How to take an OOPE – interview with Dr Sophie Redlin

I was put in touch with Sophie, a British GP trainee, whilst I was working in Japan, when she approached my then boss, Ryuki, about coming to Fukushima to do qualitative research. Her work, the patient voice project, studies the biopsychoscial model in communities in four different countries and whether that has an impact on mental health and presentations in the GP consultation room. It’s an incredibly broad topic and I’m excited about seeing the fruits of her labour. But the thing that struck me about Sophie was that she had thought of this project whilst in her consultation room in London and had transformed this fleeting thought, through hard graft, into an Out-of-Programme Experience (OOPE) with no personal research background nor institutional support. That’s pretty impressive in my books.

We spent a month together in a very small village, Tadami, as part of her Japan leg, where I acted as her translater. It was an intense month with lots of bizarre scenarios leading to some pretty hilarious anecdotes, and I have to say I am glad to say that we’ve stayed in touch since.

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Looking still fresh in front of the “tori” before climbing a million steps to a Japanese shrine. Definitely felt the burn!

So how would Sophie explain her project in her own words?

“It is a research and film project exploring the impact of community on mental health and wellbeing. I began to develop the idea of exploring the topic as a qualitative study through talking to someone who had done similar research. Qualitative analysis appealed to me as I wanted to, rather than collect data through questionnaires, collect patients’ and doctors’ actual experiences or stories from around the world. Alongside designing the study I decided I wanted to capture the stories on film because I thought that it would be a powerful way of presenting the findings and also a way to record my own journey throughout the year.”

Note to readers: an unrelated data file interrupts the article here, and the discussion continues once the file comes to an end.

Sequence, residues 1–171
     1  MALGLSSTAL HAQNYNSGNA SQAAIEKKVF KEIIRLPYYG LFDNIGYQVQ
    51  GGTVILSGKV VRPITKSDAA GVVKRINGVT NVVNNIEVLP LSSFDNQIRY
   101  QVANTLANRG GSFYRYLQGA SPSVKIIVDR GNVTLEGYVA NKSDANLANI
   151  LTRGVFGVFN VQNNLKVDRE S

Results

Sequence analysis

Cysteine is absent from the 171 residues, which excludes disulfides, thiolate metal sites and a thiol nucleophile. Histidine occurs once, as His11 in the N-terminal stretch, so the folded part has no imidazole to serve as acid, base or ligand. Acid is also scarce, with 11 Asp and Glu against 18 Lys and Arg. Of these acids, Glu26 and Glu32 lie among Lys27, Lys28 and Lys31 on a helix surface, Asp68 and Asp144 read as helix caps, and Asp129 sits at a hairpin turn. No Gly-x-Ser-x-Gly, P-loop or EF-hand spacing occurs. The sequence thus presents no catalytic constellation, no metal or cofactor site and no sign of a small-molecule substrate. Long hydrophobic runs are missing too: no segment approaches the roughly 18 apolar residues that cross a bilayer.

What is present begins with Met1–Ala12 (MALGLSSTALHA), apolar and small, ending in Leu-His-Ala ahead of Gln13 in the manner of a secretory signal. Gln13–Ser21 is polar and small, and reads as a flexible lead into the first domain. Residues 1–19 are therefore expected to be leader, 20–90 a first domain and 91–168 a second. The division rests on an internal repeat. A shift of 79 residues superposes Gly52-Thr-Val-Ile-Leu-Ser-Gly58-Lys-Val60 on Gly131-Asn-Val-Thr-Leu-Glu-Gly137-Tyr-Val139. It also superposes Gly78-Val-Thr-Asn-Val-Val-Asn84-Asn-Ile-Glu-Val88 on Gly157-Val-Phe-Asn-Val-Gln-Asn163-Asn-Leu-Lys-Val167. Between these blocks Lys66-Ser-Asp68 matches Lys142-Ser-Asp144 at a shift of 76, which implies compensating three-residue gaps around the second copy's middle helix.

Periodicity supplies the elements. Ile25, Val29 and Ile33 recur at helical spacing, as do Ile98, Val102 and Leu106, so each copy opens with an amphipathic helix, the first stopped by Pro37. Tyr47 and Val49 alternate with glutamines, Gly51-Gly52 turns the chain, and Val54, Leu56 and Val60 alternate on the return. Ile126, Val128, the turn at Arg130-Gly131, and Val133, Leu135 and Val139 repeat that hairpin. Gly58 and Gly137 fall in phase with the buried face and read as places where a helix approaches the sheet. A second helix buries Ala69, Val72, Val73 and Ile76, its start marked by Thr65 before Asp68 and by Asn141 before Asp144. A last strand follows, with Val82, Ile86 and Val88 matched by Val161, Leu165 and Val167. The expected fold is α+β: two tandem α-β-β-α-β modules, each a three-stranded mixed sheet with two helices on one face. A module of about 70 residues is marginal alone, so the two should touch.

“I knew I wanted to have a year out and do something a bit different. Having just started GP training, I wanted it to be community-focused. During my last GP placement, I had become interested in the types of patients I was seeing and noted that I was consulting with a lot of patients with mild mental health or psychological issues. Mental health has always been of particular interest to me and, whilst I enjoyed these consultations, I also felt quite challenged by them. I wanted to look really at why I was seeing so many people with these kind of problems and think about how I could possibly optimise our time together as doctor and patient. The idea of doing a global project came about from talking to a friend who works in the States. We were comparing our experiences, the types of patients we saw and how we managed them, and it triggered the idea of visiting global communities and looking  at how they do things differently.